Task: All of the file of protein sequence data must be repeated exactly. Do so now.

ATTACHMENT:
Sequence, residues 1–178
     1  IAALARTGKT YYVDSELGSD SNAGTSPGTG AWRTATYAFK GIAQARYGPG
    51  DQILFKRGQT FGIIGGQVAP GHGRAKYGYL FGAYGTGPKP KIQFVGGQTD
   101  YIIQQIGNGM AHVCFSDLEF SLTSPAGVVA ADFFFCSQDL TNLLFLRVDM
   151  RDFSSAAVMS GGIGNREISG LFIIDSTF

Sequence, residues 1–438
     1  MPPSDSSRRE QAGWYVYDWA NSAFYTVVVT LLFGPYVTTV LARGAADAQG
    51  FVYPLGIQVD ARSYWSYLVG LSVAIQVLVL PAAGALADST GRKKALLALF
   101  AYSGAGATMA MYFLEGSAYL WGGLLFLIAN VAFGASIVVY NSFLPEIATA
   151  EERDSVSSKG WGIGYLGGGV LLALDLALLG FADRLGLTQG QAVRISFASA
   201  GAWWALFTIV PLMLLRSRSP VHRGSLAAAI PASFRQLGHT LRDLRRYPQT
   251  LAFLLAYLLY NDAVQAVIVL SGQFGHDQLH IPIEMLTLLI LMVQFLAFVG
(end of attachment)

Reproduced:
Sequence, residues 1–178
     1  IAALARTGKT YYVDSELGSD SNAGTSPGTG AWRTATYAFK GIAQARYGPG
    51  DQILFKRGQT FGIIGGQVAP GHGRAKYGYL FGAYGTGPKP KIQFVGGQTD
   101  YIIQQIGNGM AHVCFSDLEF SLTSPAGVVA ADFFFCSQDL TNLLFLRVDM
   151  RDFSSAAVMS GGIGNREISG LFIIDSTF

Sequence, residues 1–438
     1  MPPSDSSRRE QAGWYVYDWA NSAFYTVVVT LLFGPYVTTV LARGAADAQG
    51  FVYPLGIQVD ARSYWSYLVG LSVAIQVLVL PAAGALADST GRKKALLALF
   101  AYSGAGATMA MYFLEGSAYL WGGLLFLIAN VAFGASIVVY NSFLPEIATA
   151  EERDSVSSKG WGIGYLGGGV LLALDLALLG FADRLGLTQG QAVRISFASA
   201  GAWWALFTIV PLMLLRSRSP VHRGSLAAAI PASFRQLGHT LRDLRRYPQT
   251  LAFLLAYLLY NDAVQAVIVL SGQFGHDQLH IPIEMLTLLI LMVQFLAFVG